Microsoft released a stable release version of Powershell 7.2.7 in October 2022. Powershell 7.2.7 supercedes Powershell 7.2.6. The update is available through Windows Update and WSUS. The latest version files will be made available through WSUS or Windows Update in a phased manner.
Powershell 7.2.7 has now been replaced by Powershell 7.3.0. You can read about upgrading from Powershell 7.2.7 to Powershell 7.3.0 on this page.
In the event you plan to upgrade to Powershell 7.2.7 immediately, please follow the guide below to upgrade to Powershell 7.2.7.
Before we install Powershell 7.2.7 on the computer, it would be a good idea to launch the current install of Powershell. In my case, I had Powershell 7.2.6. Upon launching Powershell from the command prompt, I was given an upgrade notification by Microsoft as displayed in the screenshot below.
- Launch Powershell through the command prompt on Windows 11 by typing the command ‘pwsh’.
- Once Powershell launches, it may display an update notification as per the screen grab below.
3. The upgrade notification shows that the Powershell 7.2.7 update files are available for the computer.
To upgrade from Powershell 7.2.6, you can download Powershell installer files from the Microsoft site. There are multiple ways to install Powershell 7.2.7. However, I prefer to install Powershell on the Windows platform through the MSI package.
The instructions below cater to installing Powershell 7.2.7 or upgrading to Powershell 7.2.7 using an MSI package. You can choose to use winget, zip package, or through the Microsoft app store for installing Powershell 7.2.7.
- Visit Microsoft’s Powershell install page to fetch the latest MSI package for Powershell 7.2.7. You can get the package from this page.
- The installer file for the x64 Windows platform is named PowerShell-7.2.7-win-x64. The size of the MSI file is 104 MB.
- Download x64 version of Powershell 7.2.7 for Windows from this page.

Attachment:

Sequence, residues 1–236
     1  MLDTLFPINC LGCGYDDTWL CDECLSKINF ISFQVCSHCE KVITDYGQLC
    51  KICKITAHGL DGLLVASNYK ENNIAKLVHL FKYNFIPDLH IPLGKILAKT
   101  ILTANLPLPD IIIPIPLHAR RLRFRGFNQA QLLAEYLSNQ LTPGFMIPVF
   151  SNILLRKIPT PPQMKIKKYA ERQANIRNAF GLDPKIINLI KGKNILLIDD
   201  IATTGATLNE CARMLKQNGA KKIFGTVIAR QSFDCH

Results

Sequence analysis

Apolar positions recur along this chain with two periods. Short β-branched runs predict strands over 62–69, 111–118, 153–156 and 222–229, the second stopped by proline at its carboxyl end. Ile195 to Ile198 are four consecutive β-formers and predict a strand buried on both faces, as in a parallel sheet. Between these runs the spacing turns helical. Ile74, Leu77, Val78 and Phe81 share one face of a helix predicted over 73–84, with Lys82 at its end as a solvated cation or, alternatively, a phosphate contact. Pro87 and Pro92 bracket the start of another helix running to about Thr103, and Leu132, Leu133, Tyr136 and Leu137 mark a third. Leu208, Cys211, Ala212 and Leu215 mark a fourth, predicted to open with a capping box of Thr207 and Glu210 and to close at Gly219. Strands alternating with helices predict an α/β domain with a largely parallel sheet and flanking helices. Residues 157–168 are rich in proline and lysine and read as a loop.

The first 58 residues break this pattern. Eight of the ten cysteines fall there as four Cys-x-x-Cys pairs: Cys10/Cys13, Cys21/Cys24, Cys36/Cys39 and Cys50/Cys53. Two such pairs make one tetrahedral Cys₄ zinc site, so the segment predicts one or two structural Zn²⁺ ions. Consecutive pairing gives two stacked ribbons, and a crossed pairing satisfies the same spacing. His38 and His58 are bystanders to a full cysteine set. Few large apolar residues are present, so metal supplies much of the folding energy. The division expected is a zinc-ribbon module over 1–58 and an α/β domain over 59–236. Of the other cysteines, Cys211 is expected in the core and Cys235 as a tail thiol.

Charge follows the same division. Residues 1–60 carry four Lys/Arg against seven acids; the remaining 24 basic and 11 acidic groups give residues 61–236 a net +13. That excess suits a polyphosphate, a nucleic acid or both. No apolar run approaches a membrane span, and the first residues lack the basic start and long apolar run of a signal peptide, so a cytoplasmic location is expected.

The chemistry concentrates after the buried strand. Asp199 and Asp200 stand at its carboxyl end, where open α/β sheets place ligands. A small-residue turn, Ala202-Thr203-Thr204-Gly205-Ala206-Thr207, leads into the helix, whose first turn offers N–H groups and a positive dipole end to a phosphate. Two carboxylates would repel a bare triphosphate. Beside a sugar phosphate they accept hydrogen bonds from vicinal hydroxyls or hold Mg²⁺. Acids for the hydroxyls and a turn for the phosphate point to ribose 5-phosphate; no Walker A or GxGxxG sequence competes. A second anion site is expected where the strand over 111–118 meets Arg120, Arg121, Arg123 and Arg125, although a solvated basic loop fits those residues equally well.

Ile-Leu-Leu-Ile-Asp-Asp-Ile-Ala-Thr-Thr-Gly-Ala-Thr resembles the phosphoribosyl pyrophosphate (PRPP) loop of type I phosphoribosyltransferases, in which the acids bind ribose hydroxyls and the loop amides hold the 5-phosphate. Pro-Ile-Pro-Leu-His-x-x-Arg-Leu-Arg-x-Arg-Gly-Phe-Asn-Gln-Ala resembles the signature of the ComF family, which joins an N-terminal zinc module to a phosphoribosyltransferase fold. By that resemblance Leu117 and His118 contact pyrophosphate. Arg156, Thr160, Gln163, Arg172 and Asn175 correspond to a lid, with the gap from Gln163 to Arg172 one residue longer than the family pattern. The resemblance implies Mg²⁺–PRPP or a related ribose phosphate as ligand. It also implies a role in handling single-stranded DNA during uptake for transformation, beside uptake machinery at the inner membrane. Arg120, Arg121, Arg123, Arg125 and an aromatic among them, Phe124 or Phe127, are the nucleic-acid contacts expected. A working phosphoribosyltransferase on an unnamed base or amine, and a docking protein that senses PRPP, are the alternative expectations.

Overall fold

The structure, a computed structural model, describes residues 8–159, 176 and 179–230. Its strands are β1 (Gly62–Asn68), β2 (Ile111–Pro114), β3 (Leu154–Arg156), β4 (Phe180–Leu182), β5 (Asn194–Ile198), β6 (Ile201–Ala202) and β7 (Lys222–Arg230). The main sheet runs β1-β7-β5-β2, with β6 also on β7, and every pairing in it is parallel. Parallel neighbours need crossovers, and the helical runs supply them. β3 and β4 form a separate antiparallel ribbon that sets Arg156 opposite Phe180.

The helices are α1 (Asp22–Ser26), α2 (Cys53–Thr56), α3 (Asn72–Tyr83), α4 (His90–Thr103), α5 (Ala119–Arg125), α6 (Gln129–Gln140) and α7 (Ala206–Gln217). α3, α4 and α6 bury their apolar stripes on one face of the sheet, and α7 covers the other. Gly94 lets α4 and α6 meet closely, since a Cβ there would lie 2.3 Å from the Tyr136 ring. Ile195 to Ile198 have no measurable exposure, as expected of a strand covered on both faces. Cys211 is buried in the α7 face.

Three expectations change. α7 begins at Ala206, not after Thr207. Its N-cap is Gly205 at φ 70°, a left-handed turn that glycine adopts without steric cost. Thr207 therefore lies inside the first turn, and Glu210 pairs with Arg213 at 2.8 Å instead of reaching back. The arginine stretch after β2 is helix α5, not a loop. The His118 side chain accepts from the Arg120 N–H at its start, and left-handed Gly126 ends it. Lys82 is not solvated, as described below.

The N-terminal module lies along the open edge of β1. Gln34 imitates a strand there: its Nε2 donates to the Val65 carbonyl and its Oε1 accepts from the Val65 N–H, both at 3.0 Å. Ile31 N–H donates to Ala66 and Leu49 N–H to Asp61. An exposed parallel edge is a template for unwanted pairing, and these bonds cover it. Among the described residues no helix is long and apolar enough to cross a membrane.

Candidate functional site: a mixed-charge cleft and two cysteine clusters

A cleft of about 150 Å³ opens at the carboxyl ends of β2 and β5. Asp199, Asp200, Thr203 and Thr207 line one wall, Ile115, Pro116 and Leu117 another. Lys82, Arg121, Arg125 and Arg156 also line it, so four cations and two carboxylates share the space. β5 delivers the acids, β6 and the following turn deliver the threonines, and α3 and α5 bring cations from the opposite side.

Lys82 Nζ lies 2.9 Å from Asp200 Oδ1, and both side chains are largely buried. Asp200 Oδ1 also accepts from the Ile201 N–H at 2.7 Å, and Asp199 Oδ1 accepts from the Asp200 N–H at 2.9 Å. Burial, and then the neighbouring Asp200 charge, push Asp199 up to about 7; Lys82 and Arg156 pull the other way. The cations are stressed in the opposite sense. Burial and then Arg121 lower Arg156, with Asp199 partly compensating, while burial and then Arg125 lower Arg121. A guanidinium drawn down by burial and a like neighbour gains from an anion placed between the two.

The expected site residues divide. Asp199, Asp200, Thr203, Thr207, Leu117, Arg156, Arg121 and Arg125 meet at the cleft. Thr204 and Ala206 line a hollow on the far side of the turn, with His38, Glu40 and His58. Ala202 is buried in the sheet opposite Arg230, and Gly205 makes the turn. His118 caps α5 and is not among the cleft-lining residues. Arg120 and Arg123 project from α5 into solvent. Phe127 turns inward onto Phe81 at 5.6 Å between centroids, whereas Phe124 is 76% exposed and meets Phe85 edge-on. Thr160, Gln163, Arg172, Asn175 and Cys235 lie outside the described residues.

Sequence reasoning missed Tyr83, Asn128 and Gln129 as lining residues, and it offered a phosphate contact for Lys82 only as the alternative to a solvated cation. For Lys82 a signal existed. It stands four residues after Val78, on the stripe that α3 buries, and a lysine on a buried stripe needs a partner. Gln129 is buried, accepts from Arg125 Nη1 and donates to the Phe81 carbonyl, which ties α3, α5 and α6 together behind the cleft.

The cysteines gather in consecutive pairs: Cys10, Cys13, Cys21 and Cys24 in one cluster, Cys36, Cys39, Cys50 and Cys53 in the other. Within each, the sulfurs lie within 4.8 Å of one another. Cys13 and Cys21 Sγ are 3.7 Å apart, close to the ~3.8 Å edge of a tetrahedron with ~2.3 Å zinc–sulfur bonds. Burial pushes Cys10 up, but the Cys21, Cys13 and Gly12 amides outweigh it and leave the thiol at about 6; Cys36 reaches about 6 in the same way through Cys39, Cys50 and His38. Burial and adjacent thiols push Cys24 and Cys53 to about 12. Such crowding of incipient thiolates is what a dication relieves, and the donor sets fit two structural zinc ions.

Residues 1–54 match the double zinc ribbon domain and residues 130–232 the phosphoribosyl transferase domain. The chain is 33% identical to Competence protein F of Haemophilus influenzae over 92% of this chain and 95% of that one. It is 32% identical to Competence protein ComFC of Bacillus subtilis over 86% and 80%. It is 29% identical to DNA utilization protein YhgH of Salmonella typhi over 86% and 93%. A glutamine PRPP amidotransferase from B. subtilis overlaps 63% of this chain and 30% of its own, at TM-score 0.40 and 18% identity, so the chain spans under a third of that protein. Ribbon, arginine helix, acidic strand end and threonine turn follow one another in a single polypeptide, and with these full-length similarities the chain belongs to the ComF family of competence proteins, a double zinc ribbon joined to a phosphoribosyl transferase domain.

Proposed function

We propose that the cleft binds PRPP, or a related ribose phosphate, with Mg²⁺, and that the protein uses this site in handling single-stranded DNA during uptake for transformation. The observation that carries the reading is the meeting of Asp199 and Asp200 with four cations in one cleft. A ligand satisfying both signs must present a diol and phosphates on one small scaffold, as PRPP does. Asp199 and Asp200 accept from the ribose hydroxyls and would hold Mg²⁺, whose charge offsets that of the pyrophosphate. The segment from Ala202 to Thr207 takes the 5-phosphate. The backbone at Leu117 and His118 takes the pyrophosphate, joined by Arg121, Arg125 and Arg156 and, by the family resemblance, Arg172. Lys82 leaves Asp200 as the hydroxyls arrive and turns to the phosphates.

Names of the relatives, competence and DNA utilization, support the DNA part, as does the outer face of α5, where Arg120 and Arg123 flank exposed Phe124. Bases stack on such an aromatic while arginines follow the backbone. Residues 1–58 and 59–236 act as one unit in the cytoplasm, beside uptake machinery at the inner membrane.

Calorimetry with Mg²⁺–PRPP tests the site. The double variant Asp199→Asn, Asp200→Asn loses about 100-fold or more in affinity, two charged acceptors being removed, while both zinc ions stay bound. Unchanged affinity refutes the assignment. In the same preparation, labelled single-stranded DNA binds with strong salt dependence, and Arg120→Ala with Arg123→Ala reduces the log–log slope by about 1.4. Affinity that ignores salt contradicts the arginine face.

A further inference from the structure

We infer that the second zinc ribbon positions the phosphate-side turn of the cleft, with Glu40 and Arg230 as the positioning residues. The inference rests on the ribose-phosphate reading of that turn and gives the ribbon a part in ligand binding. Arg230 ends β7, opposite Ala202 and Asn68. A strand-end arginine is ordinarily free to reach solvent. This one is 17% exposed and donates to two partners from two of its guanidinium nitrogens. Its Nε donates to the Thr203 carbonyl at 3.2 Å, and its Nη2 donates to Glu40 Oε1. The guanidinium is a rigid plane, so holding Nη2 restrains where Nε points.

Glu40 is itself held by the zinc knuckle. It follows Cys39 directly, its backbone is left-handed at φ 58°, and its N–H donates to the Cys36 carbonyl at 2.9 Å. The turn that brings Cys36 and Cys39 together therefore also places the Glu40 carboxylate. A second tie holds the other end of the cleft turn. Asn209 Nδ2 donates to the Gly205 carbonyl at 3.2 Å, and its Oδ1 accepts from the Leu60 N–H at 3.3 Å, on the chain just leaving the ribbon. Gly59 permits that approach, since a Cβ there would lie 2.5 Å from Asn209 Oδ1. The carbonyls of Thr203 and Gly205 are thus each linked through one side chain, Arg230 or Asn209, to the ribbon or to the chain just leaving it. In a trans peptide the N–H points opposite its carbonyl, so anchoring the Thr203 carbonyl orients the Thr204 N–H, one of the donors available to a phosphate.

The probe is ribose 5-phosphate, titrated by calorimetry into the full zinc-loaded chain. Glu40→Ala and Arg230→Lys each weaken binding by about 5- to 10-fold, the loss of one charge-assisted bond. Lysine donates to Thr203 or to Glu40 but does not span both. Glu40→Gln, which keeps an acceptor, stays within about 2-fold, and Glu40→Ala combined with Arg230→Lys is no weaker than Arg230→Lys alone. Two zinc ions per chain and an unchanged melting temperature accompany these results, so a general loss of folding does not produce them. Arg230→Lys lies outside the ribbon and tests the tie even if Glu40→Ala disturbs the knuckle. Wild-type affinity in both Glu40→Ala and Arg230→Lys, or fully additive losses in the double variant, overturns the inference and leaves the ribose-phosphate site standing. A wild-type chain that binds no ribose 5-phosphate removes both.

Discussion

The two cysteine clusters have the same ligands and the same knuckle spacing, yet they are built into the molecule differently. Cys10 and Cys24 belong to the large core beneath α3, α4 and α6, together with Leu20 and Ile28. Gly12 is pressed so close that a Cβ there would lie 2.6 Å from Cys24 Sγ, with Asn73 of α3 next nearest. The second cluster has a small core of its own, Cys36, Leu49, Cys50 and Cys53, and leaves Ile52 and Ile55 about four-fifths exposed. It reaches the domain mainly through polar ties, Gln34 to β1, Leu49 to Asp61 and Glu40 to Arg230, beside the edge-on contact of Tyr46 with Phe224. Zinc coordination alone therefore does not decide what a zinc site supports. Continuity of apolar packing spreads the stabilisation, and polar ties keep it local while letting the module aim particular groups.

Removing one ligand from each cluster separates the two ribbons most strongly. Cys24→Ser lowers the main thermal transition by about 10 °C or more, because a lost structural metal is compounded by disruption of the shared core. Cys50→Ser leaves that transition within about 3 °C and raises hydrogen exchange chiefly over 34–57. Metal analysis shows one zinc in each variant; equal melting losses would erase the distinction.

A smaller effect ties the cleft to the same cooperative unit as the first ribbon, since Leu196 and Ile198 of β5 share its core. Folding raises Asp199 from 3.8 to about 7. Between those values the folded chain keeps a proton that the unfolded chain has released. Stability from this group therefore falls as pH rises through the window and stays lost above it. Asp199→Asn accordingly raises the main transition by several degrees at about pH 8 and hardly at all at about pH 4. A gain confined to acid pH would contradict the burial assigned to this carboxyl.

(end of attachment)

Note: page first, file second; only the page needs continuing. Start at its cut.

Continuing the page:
- Download x86 version of Powershell 7.2.7 for Windows from this page.
- Once the installer file has been downloaded, launch the installer to start the installation process of Powershell 7.2.7.
6. Choose the installation folder. Or, you could let Powershell install in the default folder location as displayed below in the screen capture.
7. For most Powershell installations, it is fine to keep the default settings for the installation. I am not a big fan of ‘Powershell remoting’. Therefore, Powershell remoting is not enabled as part of the default installation of Powershell 7.2.7
8. You can choose to enable Powershell updates through WSUS or Windows Update on the next screen. The screen below enabled Powershell updates through WSUS or Microsoft update.
9. Click on the install button on the next screen as displayed in the screen capture below. This will initiate the process of installing Powershell 7.2.7 on the Windows computer. The process starts with disk space calculations. If the available storage space is sufficient, Powershell installation commences.
You need to ensure that Powershell is closed before trying to initiate the installation of Powershell 7.2.7 on the computer. The installation will fail if an earlier install of Powershell is in an ‘open’ state.
10. The final step is the confirmation of the installation of Powershell 7.2.7 However, we suggest that you must validate the successful installation of Powershell 7.2.7 by using the pwsh command on the command promt.
11. In my case, I was able to apply Powershell 7.2.7 on my Windows 11 computer. I validated the successful install through the pwsh command as per the screen displayed below.
You can validate from the screen capture that the Powershell 7.2.7 is now the active Powershell version on the computer.
You may like to read more content related to Powershell below:
- How to find CPU utilization using Powershell
- How to find free disk space in Powershell?
- Download and install Powershell 7.3
- How to find MAC address in Powershell?
Rajesh Dhawan is a technology professional who loves to blog about smart wearables, Cloud computing and Microsoft technologies. He loves to break complex problems into manageable chunks of meaningful information.